Gold - The Ultimate form of Money

Posted in Finance Articles, Total Reads: 4154 , Published on 03 November 2011

Money is any object that is generally accepted as payment for goods and services and repayment of debts in a given country or socio-economic context. The main functions of money are distinguished as: a medium of exchange; a unit of account; a store of value; and, occasionally, a standard of deferred payment. Thus we could list down few properties of money as defined by Monetary authorities across the Globe: -

A. Universally acceptable.

B. Store of value.

C. Unit of Account.

D. Standard of deferred payment.

Universally Acceptable

The acceptance of gold (real asset) as a universal currency is evident in written history from 7th century BC to 20th century AD. Strong and successful nation such as that of Solon of Athens (594 BC), Alexander of Macedonia (early 4th century BC), Julius Caesar (54 BC), Augustus (31 BC), Mongols (1275 AD), Ming government (1455 AD), Holland (1609 AD), Britain (From 1698 AD – 20th century), US (From 1792 AD – 20th century), Napoleon (1804 AD), and excellent recovery of European nations in 1920’s proves this.

On the other hand the case of Lydia ( 7th century BC ), failure of Plato’s suggestion to Dionysius (387 BC ), failure of Roman empire from 54 AD to mid 4th century AD, problems of China from early 9th century to 14th century, fall off  Ming dynasty (1644 AD) shows the non acceptance of  general public to floating currencies.

It is worth mentioning here that paper is not universally accepted! It is the real asset backed currency which people accepted. Once you remove real asset backing from currencies it no longer remains universally accepted. No one exchanges a piece of paper for something. A piece of paper is as cheap as a stone lying on road. Rather what now remains is just FORCED ACCEPTANCE. Many classical economists and analysts like John Stuart Mill, Nicolas Copernicus and modern analysts like J.P.Morgan and Alan Greenspan believe in this to a large extent. If given a choice people will still conduct trade in gold backed currencies because universal acceptance arises due to intrinsic value of element and not by force.

Thus in the words of Karl Marx, Capital, 1867, “The first chief function of Money is to supply commodities with the material for the expression of their values, or to represent their values as magnitudes of the same denomination, qualitatively equal, and qualitatively comparable. It thus serves as a universal measure of value. And only by virtue of this function does gold, the equivalent commodity par excellence, become money”.

Store of value

No person in this world would agree that today’s so called, “Money” has store of value. Value of money continuously goes on depreciating due to over issue of currency by government. C.Rangarajan in his book ‘India: Monetary Policy Financial Stability and other Essays’ mentions that India is issuing about 20% currencies annually; and thus reducing the ‘store in value’ of money effectively by about 9%. So does anyone still think that our current money has store in value?

However a real asset backed currency is seen to be very constant. Between 1900 and 1995 purchasing power of Gold increased by just 15% while Sterling one of the most stable currencies fell to less than one fortieth part of the purchasing power. Growth of global gold stock in 1915-1997 amounted to 2.17% per year. That is close to net real growth rate of the economy. From 1833-1930 (period when gold currency was attached to gold) the maximum and minimum of Gold value in US Dollars had a difference of just 75 cents. That is, for 97 years gold remained between the ranges of 75 cents.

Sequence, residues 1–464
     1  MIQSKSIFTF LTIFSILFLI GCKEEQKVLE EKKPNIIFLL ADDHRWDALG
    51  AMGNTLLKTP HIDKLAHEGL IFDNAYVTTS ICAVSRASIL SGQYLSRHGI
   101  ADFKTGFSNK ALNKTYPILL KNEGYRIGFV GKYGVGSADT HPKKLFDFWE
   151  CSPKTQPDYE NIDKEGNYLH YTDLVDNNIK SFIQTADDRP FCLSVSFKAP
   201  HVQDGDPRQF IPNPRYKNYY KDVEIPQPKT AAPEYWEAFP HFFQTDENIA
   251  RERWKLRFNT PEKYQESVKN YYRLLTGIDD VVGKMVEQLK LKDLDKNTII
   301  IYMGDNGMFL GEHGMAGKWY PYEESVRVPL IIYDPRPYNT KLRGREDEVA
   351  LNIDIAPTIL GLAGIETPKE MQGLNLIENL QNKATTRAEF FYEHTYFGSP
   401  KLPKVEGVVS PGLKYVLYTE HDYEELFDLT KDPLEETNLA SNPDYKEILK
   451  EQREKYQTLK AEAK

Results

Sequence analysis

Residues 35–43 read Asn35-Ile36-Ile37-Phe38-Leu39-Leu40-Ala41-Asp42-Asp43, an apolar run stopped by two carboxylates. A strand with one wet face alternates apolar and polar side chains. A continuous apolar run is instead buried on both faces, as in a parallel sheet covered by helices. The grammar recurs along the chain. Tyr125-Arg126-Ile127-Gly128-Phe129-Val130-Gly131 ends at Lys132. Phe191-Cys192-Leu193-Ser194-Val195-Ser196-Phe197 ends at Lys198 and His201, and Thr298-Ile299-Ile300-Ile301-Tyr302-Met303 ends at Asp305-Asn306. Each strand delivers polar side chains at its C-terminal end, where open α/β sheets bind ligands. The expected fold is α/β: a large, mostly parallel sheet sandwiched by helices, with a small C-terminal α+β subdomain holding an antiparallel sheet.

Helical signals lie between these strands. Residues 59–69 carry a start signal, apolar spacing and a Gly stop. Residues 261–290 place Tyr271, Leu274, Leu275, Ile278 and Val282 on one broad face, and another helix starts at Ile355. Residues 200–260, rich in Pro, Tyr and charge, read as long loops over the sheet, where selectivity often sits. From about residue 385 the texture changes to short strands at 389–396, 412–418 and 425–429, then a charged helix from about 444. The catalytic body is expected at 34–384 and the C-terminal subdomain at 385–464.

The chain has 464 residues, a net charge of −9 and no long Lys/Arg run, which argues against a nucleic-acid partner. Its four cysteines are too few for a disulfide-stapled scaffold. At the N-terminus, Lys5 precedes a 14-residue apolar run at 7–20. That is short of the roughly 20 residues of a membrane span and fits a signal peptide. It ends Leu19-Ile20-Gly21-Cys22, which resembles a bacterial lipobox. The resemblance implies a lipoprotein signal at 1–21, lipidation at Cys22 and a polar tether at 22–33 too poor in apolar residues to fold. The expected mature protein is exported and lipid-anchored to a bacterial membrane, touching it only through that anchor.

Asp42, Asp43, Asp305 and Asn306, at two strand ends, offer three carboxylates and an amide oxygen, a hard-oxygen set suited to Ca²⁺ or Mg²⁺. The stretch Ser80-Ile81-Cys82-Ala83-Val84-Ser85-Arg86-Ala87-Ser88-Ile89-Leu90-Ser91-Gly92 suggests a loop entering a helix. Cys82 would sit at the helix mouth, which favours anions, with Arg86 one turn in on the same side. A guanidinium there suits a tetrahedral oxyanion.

To have a graphical representation of stability of gold (real asset) Jill Leyland (World Gold Council) updated Professor Roy Jastram’s report (Golden Constant) until 2009 and presented following graphs taking purchasing power of gold in various periods: -

Unit of account

Money in general has always been unit of account. However the current fiat money system was never really given this status. Let’s take an example, suppose a business in terms of current units of money (in India Rupees) earns 10% Profit; and in the same year government depreciated currency by net 12%. So the business actually will be in an illusion of earning profits however in reality it is as good as a loss.

Thus in the words of Nicholas Copernicus, Treatise on Debasement, 1517, “Coinage is imprinted gold or silver, by which the prices of things brought and sold are reckoned… It is therefore a measure of values. A measure, however, must always preserve a fixed and constant standard. Otherwise, public order is necessarily disturbed, with buyers and sellers being cheated in many ways, just as if the yard, bushel, or pound did not maintain an invariable magnitude.”

Standard of Deferred Payment

There is really no way in which one could call something like Euro, Rupees or Dollars anywhere close to a standard for deferred payment. Suppose I took 100 rupees from someone in 1950s and I have to return it to him now. In no ways will I be doing justice if I return today’s 100 rupees back. In fact, the whole concept of ‘time value of money’ deals with this.


Thus money as defined by various monetary authorities definitely is very vague when compared to the current fiat money system. For thousands of years humanity has used real asset backed money which in different proportions satisfied the above characteristics; among which ‘Gold’ is considered the best. Thus gold has proved itself as ‘money’ rather than people forcing it to be used. I can’t estimate the pros and cons of gold standard if adopted again; but I could surely say “Gold has been, is and most likely be the ultimate form of money”.


This article has been authored by Rahil Ahmed Khan from XIMR


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